Under the Act of Union, 1707, Scotland preserved her independent legal system, under which developed her system of education and local government which have never been assimilated to those of England and Wales. Her established (Presbyterian) Church was also secured by the 1707 Act. When the post of Secretary for Scotland was re-created (becoming Secretary of State for Scotland in 1926), the Lord Advocate was the principal Officer of State for Scotland, assisted by the Solicitor-General for Scotland. In 1900 there were Scottish Boards for local government, fisheries, in 1912 agriculture, and in 1919 health, while the Scotch Education Department (renamed Scottish in 1918) dated from 1872. In practice, even after the creation of the Scottish Secretary, the Boards had a statutory life independent of any Minister. The Boards were recognised as an anachronism by the Reports of the Royal Commission on the Civil Service in 1914, 1 and the Haldane Committee on the Machinery of Government in 1918.2 Both reports suggested that there was inadequate ministerial responsibility for the activities of these Boards. In 1928 the Boards of Agriculture and Health and the Prison Commission for Scotland were abolished and their duties were assigned to statutory departments tinder the responsibility of the Secretary of State for Scotland.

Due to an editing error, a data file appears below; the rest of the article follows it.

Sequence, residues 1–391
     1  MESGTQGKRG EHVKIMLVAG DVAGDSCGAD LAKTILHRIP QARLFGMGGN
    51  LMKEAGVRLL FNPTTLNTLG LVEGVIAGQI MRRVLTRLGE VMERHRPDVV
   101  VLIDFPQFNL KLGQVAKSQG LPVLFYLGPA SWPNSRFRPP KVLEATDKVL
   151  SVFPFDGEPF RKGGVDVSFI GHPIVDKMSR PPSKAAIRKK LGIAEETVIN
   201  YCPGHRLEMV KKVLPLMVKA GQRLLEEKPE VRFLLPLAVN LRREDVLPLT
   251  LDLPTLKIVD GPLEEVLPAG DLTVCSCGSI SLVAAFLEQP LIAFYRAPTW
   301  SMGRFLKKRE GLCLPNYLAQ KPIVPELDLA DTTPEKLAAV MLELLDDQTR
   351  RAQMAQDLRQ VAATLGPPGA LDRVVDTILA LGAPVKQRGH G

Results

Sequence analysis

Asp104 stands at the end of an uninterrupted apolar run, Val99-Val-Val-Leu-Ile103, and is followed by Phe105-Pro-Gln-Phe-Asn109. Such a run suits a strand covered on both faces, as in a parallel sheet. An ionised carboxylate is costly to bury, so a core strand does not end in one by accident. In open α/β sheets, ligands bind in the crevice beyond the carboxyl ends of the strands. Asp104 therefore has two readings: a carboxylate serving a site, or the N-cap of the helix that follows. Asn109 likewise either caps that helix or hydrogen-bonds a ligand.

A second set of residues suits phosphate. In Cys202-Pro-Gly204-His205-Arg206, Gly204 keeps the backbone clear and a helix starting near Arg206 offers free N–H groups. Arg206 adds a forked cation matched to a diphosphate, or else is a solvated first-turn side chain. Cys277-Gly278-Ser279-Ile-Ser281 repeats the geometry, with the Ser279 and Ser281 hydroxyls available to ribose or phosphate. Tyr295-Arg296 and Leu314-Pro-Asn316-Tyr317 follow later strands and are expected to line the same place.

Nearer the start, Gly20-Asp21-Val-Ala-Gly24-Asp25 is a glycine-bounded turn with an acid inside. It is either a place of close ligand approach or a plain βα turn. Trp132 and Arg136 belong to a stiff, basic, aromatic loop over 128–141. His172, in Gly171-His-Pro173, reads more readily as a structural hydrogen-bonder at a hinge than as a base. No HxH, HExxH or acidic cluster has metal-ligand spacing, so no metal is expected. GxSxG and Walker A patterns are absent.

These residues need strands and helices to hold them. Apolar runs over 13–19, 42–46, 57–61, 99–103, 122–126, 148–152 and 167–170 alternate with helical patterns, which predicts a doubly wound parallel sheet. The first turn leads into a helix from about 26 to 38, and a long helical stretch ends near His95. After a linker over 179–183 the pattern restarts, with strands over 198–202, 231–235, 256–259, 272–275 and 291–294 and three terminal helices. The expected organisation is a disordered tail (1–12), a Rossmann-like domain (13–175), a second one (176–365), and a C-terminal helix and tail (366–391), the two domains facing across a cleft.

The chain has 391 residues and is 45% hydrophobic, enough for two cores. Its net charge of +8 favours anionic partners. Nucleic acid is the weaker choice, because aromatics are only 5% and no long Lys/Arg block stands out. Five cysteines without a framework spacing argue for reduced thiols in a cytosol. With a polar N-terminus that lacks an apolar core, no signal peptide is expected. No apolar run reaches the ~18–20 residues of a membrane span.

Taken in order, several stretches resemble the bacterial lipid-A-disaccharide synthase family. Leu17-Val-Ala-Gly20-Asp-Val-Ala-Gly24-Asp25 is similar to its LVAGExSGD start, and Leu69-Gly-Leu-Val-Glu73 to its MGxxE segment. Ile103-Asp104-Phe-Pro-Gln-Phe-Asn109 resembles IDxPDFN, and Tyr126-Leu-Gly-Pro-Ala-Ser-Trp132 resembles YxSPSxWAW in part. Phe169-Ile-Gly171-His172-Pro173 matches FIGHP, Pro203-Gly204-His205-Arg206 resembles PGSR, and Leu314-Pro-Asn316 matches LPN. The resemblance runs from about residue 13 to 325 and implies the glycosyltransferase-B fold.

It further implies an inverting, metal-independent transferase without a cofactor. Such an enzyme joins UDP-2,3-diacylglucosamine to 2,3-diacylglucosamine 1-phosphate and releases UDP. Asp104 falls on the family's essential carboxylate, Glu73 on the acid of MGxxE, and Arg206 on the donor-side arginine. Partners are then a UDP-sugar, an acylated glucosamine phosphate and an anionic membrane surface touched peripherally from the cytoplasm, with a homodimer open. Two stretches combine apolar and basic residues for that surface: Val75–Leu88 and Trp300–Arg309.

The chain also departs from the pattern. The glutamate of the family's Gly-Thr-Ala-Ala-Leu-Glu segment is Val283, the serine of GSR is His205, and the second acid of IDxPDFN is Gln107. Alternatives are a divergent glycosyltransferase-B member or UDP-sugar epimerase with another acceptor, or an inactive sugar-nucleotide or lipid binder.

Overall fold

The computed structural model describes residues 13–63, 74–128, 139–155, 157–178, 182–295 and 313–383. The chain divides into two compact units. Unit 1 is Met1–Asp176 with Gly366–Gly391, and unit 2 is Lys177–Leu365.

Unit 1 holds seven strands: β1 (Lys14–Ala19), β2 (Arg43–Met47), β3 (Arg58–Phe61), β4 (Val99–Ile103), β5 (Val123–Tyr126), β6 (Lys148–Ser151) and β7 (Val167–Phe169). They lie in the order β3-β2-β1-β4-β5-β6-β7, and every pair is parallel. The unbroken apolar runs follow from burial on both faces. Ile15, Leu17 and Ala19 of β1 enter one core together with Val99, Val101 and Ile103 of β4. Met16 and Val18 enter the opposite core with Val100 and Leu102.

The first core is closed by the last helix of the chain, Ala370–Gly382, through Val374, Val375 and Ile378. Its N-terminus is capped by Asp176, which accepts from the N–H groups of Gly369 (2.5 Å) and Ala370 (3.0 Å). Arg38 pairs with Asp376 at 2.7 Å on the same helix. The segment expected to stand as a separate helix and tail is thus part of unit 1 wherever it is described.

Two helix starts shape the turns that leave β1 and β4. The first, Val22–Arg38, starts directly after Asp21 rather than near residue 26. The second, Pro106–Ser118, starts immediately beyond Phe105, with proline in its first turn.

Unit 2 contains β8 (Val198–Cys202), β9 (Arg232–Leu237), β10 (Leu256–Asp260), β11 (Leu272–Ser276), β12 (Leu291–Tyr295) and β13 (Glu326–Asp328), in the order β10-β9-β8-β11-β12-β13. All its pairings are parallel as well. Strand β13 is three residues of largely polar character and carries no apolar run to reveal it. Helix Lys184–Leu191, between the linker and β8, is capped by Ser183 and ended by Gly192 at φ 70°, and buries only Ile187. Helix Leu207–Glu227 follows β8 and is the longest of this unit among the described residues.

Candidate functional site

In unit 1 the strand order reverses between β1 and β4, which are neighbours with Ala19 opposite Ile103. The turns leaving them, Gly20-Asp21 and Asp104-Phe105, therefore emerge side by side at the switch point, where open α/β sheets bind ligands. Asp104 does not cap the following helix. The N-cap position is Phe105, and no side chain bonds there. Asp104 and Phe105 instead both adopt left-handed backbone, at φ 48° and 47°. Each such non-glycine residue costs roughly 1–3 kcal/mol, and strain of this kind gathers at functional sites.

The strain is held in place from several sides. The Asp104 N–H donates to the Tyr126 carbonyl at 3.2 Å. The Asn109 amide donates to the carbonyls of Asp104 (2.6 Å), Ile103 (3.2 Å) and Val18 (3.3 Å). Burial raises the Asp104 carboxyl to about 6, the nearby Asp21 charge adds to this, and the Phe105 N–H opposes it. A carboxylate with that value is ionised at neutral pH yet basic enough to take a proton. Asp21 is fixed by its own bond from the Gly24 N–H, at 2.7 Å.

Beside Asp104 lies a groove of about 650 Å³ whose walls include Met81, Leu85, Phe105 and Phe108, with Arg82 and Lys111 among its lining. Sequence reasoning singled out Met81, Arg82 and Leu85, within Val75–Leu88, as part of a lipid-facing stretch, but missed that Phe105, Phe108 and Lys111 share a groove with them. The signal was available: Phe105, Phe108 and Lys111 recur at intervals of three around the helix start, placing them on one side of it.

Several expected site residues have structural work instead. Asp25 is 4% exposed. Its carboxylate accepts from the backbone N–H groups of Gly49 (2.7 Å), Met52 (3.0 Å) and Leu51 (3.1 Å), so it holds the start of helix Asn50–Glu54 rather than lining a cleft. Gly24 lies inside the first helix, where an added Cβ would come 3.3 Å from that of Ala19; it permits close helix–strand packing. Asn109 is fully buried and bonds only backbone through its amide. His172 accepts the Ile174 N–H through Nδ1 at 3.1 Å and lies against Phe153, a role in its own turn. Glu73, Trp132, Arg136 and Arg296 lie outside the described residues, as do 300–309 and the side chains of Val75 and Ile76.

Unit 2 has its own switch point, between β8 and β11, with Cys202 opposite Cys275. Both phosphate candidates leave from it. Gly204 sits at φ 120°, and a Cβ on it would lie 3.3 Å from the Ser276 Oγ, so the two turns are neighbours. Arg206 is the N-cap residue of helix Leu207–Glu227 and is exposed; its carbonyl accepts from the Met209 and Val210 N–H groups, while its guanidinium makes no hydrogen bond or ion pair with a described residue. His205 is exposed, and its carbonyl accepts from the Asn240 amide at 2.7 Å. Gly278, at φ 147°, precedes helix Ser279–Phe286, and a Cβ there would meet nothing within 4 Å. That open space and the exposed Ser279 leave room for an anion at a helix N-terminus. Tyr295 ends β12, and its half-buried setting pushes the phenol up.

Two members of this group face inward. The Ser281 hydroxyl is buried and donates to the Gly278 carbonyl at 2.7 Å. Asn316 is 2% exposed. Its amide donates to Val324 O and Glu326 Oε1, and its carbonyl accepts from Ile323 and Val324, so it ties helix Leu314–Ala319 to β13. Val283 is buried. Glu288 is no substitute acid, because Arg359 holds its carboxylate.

KeywordsRoyal Commission Northern IRELAND Executive Power Channel Island Privy Council
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